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Applied Physics


EPJ D Topical review - Review of experimental and theoretical research on positronium ions and molecules

Artist's view of the positronium negative ion and the positronium molecule.

The relativistic quantum theory developed by Dirac in the 1930’s is the cornerstone of Quantum Electrodynamics (QED), which has proved to be one of the most successful theories in physics. For example, measurements and QED calculations of the anomalous electron magnetic moment agree to 10 significant figures. Physicists now believe that QED can fully account for all effects that are mediated by electromagnetic interactions.

The work of Dirac also resulted in an unexpected prediction: the existence of antiparticles, which was confirmed by the discovery of positrons, the electron-antiparticle, in cosmic rays by C. Anderson in 1932. It was quickly realized that electrons and positrons could form metastable bound states, now known as positronium atoms. In 1946 J. A. Wheeler suggested that more complex electron-positron systems, which he called polyelectrons, would also form stable bound states, albeit with short lifetimes against self-annihilation. The simplest three-body polyelectron is the positronium ion, composed of two electrons and one positron (or one electron and two positrons). The simplest four-body polyelectron is the positronium molecule, composed of two electrons and two positrons. As they contain only leptons these systems are fully described by QED theory, with only extremely small contributions from weak interactions. Since the work of Wheeler much theoretical effort has been devoted to polyelectron systems. Larger polyelectrons are not thought to form stable bound states.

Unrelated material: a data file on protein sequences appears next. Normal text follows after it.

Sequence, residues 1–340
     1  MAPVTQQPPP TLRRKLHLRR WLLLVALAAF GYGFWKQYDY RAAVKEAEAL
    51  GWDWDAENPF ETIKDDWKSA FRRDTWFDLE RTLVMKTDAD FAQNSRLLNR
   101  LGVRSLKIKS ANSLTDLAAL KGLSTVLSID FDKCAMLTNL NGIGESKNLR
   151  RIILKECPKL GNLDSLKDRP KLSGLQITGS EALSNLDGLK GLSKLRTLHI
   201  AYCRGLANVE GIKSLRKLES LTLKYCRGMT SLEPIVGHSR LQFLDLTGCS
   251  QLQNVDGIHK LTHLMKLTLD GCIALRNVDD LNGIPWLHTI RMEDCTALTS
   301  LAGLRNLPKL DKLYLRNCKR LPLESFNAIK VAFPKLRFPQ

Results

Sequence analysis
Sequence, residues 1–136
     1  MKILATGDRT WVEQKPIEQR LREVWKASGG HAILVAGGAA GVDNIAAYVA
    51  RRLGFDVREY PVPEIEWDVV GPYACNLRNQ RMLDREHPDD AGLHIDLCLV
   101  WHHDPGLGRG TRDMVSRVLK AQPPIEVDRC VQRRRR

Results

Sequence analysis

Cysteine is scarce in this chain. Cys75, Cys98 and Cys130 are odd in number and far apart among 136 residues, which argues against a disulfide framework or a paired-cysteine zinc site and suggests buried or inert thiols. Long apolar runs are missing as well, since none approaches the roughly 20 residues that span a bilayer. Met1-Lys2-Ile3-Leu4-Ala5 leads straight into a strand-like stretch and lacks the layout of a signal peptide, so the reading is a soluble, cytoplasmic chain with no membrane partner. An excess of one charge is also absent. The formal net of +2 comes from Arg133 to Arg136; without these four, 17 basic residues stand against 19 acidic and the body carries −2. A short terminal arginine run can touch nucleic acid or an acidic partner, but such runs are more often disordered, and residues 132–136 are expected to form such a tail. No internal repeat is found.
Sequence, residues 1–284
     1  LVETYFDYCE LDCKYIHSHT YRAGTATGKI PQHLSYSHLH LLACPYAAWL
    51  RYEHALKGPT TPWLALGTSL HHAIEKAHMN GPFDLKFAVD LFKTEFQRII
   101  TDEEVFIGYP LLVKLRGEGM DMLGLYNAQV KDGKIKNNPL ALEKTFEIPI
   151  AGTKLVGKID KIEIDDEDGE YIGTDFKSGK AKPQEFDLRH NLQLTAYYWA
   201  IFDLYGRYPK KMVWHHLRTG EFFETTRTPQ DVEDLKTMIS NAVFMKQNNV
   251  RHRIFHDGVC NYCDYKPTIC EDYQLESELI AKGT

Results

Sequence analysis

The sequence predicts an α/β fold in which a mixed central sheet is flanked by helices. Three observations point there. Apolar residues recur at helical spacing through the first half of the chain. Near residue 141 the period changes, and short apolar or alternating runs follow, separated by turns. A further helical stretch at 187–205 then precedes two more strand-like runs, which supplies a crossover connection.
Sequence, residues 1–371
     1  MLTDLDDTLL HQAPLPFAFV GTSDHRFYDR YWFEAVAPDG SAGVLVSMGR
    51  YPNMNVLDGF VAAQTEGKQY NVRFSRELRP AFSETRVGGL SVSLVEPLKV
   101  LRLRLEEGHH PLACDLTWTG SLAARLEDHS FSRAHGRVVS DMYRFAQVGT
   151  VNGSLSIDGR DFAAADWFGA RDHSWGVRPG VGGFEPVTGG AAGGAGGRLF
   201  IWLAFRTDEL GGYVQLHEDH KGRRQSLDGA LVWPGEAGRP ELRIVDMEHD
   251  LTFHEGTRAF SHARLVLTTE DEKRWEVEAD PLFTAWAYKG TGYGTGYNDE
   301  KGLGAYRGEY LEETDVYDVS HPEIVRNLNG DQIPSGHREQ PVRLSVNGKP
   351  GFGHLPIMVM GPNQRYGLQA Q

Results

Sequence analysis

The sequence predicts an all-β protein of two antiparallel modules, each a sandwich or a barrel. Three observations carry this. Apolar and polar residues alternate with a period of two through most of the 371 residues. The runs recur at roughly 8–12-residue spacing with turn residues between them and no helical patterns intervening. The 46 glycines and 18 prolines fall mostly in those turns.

The positronium negative ion was first observed experimentally by A. P. Mills in 1981, while the positronium molecule was not observed until 2007 by Cassidy and Mills. Subsequently, measurements of the Ps ion decay rate have been performed, as well as spectroscopic measurements of the Ps ion binding energy and photodetatchment threshold, and the first Ps molecular excited state. The positronium negative ion and the positronium molecule are of particular interest as pure three-, and four-body QED systems with which to test bound-state QED theory. In this review article published in EPJ D, authors Mohsen Emami-Razavi (Islamic Azad University, Iran) and Jurij W. Darewych (York University, Canada) discuss the current status of research involving positronium ions and molecules from both theoretical and experimental points of view.

S. Giorgio and D. Jacob
ISSN (Print Edition): 1286-0042
ISSN (Electronic Edition): 1286-0050

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